Redmond went on to further emphasize the difference between being a player and a manager, saying, "I learn at least one or two things every day and that's fun. I think as a player, you're just out there trying to figure out how to win. But as a manager, you learn something every day. If something comes up that you haven't seen or a situation that you have to make a decision on, that's fun to be able to still go out and see new things in this game. That's what makes it such a great game."
All in all, Redmond seems at ease in his new digs, despite the pressure of his first big league job and a losing record.
Prior to Tuesday's first game, Redmond donned shorts and tennis shoes in the dugout despite temps in the high-30s because "I don't gotta play today."
Redmond spoke at length about his time in Minnesota -- first about playing at the Metrodome, and secondly about how he spent his time off in a not-so-strange city yesterday.
Asked if he'd accidentally driven to the Metrodome, his home field for all five seasons as a Twin, Redmond said the Marlins' bus driver had gotten a bit turned around from the hotel to the stadium, so he was worried he might see the 'Dome anyway.
"It brought back a lot of memories," Redmond said. "Mostly the smell of the Metrodome. I chatted yesterday with (bullpen catcher) Nate Dammann, remembering how guys showed up at like 2:30. Nobody got there early to the Metrodome. You got there, you put your uniform on, you went straight to the cage, you went straight out onto the field. When the game was over, you ate and left.
"We were there strictly for business in the Metrodome. This place is obviously nice. I played here in my last year as a player (with the Cleveland Indians) in 2010."
How did he fare in that game?
"I got an infield single, if you guys were wondering, so you don't have to look it up," Redmond said. "It was an infield single. My one and only game here I'm 1-for-3."
When the conversation turned to whether or not the Twins and Redmond had talks about a reunion in the past, Redmond said not really, as things just didn't really line up.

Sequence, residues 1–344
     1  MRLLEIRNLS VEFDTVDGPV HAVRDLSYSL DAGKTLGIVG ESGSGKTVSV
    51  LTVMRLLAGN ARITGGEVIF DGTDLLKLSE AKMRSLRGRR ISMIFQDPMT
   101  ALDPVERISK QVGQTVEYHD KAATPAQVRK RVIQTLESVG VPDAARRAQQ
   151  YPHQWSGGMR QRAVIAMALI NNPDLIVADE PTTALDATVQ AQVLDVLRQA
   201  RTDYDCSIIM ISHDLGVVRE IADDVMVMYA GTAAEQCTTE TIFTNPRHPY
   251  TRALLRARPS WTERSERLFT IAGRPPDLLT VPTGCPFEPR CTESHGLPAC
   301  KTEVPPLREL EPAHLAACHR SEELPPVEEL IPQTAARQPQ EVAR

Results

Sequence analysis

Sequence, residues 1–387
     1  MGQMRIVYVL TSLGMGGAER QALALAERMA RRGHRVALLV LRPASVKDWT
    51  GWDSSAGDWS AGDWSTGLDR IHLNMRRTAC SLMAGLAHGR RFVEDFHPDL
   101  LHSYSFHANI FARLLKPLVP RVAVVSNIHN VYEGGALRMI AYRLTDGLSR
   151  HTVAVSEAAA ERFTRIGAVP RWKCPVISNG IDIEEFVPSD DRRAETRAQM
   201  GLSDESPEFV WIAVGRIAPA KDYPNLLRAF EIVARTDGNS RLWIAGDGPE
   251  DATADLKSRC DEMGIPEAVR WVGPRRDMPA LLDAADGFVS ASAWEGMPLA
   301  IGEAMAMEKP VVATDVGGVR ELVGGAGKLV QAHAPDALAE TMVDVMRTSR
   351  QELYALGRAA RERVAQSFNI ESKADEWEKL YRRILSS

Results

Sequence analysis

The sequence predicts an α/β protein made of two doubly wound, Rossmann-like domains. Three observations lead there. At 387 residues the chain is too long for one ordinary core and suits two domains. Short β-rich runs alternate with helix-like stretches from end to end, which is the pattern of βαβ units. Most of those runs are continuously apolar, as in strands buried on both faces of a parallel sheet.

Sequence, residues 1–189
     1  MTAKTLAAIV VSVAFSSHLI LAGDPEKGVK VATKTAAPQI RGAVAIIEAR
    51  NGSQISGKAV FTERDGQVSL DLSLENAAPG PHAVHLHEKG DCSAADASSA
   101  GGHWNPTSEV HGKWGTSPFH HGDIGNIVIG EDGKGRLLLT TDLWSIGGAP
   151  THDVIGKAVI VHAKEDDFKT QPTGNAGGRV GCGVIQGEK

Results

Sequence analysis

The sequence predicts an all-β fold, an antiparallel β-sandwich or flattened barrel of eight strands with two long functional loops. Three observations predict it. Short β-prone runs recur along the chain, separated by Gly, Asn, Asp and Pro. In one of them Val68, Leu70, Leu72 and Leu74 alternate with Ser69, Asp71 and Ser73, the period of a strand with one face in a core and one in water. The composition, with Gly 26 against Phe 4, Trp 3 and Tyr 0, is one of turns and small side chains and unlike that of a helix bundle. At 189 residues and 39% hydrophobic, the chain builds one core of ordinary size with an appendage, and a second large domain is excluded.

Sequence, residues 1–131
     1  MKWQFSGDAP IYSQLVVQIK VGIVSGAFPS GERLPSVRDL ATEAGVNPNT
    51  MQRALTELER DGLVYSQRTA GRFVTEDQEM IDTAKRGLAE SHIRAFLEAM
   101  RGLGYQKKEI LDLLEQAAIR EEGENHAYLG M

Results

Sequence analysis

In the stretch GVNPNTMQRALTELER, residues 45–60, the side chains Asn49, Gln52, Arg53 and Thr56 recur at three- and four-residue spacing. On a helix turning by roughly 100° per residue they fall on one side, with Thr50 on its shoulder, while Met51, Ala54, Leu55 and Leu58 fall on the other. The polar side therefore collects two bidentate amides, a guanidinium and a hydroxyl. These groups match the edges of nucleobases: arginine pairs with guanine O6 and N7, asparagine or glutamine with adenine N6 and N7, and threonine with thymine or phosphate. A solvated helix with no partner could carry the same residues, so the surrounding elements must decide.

"I had a couple conversations, but it just didn't fit," Redmond said. "There wasn't a fit there. I took an opportunity with the Blue Jays. They really wanted me to come over there and gave me basically a choice of three different jobs, depending on whether I wanted it to be part time, full-time or how I could have done a half-season. I took the full season, and I'm glad I did because I knew I was either going to really like it or really hate it at the end of that year.
"When you do a full season, that's a grind, especially after being a player. I remember walking in there the first game and I was like, 'Man, I made the right decision.' I love it. I love the responsibility. I love the pressure. When you're managing, it's different. You're competing and you're winning.
"As a player, the wins are so satisfying because you're out there grinding. As a manager, it's just different. You don't have the same control like you did as a player. I always felt like as a player, if we lost four or five games in a row, I wanted to play. I'm like, get me in this game so we can win. Now you're motivating guys to go out there and win. I felt like in a way that's what I did as a player, too. It's a good fit."
And what's his mantra as a manager?
"I learn at least one or two things every day and that's fun," Redmond said. "I think as a player, you're just out there trying to figure out how to win. But as a manager, you learn something every day. If something comes up that you haven't seen or a situation that you have to make a decision on, that's fun to be able to still go out and see new things in this game. That's what makes it such a great game."